Ok, just please keep in mind that the user is not necessarily "ignoring screen feedback" -- screen feedback can be delayed because of a slow or temporarily slowed down computer (for example, antivirus starts scheduled scan in the background, user is running some other task such as video encoding or archiving, etc), but the keystroke will be buffered, read and acted upon when it is too late. Many developers seem to assume that the user (or user's computer) are performing only a single task at a time and they design UI with that in mind resulting in endless frustration. My personal opinion is that single key shortcuts should be reserved only for non-destructive or totally reversible operations. At least a config option to disable such shortcuts would be nice.
Thomas D is echoing all of the sentiments I have regarding adding the Esc functionality to Thunderbird message compose window. As a long time Outlook user, this feature makes complete sense. Esc will close an empty window, no questions asked; or close a window with changes made with a "Do you want to save changes" notification. Igor, significants problems are not present with this feature - Outlook would have rectified 10 yrs ago if so. Who can implement this?
Out of curiosity: 1. If you are a long time Outlook user why have you switched to TB? 2. Where did you get the idea that Microsoft would rectify such problem?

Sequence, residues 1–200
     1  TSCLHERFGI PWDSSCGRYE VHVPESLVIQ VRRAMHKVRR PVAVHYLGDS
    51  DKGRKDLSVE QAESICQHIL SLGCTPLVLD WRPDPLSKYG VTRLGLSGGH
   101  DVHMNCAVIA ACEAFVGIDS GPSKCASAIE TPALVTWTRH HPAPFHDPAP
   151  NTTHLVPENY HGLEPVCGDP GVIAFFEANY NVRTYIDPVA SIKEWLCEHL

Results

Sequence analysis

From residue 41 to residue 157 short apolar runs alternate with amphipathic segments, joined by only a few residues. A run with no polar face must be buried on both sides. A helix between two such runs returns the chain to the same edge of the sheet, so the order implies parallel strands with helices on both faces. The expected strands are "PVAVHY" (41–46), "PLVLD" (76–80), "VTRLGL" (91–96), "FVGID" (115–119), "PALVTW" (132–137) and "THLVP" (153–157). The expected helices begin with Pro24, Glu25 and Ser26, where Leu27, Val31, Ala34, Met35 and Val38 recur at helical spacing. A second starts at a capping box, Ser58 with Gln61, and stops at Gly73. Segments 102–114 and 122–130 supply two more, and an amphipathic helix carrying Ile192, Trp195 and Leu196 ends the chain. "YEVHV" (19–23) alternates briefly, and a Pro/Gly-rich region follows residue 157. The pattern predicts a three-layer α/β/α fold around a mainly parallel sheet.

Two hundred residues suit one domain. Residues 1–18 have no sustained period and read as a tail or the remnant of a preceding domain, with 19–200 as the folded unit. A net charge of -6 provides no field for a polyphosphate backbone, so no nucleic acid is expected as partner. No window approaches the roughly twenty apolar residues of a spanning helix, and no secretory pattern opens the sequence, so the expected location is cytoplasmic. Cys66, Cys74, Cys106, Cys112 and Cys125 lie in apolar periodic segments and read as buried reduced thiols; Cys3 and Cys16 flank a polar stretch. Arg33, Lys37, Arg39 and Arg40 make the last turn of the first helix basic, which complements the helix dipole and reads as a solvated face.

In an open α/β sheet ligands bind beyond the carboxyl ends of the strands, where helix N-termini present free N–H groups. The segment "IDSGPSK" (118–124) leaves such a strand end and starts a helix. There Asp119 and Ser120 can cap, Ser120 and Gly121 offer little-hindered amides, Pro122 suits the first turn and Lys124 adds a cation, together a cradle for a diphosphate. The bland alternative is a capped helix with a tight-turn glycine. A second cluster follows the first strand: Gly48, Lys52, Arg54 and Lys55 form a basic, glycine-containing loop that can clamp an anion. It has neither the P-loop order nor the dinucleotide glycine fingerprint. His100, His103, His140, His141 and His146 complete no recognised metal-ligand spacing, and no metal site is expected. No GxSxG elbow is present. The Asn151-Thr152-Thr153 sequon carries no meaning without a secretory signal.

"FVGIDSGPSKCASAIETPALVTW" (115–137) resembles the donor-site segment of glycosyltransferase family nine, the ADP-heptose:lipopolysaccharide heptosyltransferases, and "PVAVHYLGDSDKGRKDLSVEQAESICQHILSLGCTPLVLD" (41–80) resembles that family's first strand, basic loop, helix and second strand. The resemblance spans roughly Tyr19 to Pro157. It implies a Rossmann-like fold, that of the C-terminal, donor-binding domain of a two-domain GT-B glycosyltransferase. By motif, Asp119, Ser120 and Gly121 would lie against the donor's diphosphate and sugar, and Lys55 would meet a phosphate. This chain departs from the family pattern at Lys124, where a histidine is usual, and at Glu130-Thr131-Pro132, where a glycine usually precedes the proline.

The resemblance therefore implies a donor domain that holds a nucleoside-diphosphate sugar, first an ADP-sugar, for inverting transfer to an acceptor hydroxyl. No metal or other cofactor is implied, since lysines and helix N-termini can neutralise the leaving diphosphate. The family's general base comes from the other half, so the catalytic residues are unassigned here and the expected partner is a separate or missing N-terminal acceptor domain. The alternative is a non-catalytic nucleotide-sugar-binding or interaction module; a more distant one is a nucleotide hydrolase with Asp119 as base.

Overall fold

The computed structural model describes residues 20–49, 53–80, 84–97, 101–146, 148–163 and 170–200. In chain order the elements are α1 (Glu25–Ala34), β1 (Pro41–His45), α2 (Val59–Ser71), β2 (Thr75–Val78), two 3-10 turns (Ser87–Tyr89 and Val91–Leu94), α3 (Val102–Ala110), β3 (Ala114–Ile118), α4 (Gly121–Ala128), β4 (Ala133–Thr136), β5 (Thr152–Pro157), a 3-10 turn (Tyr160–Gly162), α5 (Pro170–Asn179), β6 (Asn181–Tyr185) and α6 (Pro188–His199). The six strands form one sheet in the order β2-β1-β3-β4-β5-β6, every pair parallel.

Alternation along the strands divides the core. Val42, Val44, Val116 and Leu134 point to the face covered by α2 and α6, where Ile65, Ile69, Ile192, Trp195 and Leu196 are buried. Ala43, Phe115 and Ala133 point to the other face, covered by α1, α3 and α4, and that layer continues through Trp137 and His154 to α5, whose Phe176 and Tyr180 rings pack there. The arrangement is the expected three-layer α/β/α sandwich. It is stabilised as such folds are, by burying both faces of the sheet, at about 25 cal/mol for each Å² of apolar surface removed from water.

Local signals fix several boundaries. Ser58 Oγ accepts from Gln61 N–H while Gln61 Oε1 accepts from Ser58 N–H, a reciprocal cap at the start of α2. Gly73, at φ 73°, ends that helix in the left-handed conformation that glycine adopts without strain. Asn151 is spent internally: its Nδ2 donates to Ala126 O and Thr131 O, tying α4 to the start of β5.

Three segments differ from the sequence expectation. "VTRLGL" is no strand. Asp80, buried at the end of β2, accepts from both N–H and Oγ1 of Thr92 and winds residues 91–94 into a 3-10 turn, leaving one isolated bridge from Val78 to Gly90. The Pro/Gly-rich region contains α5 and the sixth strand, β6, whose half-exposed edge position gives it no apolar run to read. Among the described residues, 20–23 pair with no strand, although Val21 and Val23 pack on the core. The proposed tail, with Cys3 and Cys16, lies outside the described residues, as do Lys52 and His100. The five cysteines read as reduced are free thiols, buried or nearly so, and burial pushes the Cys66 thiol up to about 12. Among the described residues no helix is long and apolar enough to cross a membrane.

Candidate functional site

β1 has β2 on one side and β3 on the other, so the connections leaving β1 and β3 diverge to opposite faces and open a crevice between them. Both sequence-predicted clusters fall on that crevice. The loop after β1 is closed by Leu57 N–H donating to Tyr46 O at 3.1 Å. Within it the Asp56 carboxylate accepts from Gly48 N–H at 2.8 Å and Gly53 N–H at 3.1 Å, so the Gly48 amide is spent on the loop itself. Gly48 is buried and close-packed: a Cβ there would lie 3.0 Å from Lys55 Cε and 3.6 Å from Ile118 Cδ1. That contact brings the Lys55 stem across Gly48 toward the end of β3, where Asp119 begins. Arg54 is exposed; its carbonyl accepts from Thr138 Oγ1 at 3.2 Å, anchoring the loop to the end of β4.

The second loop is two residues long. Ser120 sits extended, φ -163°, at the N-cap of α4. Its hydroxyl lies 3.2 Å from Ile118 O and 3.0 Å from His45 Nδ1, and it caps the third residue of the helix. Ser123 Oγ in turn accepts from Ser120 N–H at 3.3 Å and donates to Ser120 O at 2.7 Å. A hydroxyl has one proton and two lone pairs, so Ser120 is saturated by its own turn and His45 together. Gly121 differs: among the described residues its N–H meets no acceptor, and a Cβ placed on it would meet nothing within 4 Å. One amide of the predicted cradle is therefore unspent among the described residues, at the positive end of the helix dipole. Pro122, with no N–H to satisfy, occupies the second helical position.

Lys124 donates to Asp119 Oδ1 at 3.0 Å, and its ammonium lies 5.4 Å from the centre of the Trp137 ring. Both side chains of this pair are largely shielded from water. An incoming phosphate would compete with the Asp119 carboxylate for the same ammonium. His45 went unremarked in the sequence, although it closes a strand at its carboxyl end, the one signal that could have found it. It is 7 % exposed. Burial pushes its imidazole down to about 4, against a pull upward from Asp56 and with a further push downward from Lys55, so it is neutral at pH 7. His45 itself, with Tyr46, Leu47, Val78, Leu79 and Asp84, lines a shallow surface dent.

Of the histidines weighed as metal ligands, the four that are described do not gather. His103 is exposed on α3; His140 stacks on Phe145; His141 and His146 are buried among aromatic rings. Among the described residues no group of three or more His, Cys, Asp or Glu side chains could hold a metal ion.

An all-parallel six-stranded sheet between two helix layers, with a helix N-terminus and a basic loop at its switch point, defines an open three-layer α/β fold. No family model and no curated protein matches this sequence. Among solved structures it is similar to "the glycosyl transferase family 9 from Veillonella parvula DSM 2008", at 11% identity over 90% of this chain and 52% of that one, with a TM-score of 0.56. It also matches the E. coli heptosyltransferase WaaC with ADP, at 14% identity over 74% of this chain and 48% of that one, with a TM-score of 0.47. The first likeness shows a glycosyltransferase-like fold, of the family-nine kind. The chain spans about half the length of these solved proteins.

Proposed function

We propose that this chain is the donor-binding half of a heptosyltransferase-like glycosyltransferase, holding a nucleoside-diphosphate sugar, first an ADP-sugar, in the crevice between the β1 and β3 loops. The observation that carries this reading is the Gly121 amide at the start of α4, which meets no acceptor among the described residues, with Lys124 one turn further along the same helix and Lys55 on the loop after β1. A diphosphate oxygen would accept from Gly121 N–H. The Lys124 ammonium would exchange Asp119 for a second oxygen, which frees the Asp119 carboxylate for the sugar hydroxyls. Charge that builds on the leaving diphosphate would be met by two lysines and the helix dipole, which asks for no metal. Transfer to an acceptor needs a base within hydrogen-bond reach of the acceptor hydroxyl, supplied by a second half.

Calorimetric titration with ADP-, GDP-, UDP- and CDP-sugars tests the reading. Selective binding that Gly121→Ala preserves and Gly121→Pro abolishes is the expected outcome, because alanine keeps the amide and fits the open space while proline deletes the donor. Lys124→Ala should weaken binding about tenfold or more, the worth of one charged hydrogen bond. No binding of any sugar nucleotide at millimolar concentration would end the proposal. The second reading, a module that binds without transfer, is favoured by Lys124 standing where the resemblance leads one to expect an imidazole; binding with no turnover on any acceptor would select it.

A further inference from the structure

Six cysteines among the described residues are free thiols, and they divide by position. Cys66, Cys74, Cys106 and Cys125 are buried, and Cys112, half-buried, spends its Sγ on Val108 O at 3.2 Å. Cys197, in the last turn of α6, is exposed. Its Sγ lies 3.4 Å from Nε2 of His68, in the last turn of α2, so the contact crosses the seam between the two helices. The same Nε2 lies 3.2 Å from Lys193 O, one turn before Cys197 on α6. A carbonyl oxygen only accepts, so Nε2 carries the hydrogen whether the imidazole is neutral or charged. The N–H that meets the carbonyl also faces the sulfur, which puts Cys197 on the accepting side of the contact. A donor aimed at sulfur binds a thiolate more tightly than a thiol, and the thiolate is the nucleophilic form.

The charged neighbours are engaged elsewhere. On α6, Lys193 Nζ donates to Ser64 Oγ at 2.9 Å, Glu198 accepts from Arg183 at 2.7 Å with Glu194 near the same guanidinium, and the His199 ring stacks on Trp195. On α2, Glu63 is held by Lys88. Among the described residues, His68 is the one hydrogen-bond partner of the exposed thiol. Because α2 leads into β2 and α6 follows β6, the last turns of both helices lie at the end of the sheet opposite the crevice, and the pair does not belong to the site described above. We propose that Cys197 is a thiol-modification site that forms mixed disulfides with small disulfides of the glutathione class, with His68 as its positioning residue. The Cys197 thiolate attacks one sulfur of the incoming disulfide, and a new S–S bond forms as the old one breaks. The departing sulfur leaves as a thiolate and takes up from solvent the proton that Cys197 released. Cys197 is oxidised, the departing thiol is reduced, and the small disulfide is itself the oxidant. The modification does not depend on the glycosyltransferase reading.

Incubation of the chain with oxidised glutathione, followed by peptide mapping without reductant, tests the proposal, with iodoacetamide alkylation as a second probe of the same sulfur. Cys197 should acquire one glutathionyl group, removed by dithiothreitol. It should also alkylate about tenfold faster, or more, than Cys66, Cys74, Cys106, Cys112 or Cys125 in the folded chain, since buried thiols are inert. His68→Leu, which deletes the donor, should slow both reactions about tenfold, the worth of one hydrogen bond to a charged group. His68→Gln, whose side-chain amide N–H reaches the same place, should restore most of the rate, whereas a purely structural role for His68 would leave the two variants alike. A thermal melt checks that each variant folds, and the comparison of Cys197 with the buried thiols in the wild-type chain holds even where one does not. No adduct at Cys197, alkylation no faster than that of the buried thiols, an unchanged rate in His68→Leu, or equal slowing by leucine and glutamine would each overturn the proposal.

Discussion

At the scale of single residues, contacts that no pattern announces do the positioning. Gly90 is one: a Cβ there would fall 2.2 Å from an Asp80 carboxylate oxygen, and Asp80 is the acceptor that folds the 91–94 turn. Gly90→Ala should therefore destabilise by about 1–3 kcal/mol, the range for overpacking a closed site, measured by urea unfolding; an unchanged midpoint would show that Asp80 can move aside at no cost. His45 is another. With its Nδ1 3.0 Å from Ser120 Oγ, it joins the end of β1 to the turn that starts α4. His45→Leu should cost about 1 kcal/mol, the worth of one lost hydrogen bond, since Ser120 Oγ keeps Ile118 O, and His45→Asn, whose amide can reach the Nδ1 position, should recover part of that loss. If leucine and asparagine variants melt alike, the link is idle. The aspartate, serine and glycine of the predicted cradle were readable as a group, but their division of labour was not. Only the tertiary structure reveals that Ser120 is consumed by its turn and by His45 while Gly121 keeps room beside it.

Igor; If memory serves correct, I started to used TB out of thriftiness. :) But am required to use Outlook for work. Considering MS's giant Outlook user base (>100 million?), my hunch is any bugs would have been fixed regarding closing windows using Esc.
FTR: Situation for this bug has changed somewhat, because we've introduced two new uses of ESC if used from inside the text body of a composition: Bug 521158 - ESC from inside msg body or with focus on automatical attachment reminder bar will close that bar (assuming there's no other reason to press ESC in body after all ESC keypresses on menus and such have been consumed orderly). Same behaviour for subject field has been requested (Bug 994655) because automatical attachment reminder now also checks changes of subject (Bug 944643). Bug 530629 - ESC from inside msg body or with focus on composition's new Find bar will close that bar. So there are two new prominent possibilities of using ESC from msg body to do other things. Which increases the potential for accidental extra ESC keypresses which would unexpectedly trigger closing compose window (after confirmation, if changes have been made). I conclude: - imo it's still a nice idea to add this comfortable and efficient way of closing compose windows; also externally ux-consistent with Outlook and appreciated by users per anecdotal evidence here - however, given that it's non-standard way of closing big windows, this definitely needs an option in preferences UI where users can switch this off. - in view of other uses of ESC, we still need to discuss if this should be made default behaviour or not (I'm leaning towards yes, make it default behaviour, but not sure.). - we also need to decide if we want ESC to trigger closing of compose window only if focus is in main msg body or on which other UI elements we'll allow ESC for that purpose or not (after all other uses of ESC have been consumed).
Summary: enh: escape key should exit a compose/write window for new email → Implement optional ESCape keyboard shortcut to close/exit compose/write window for new email message (with pref and options UI)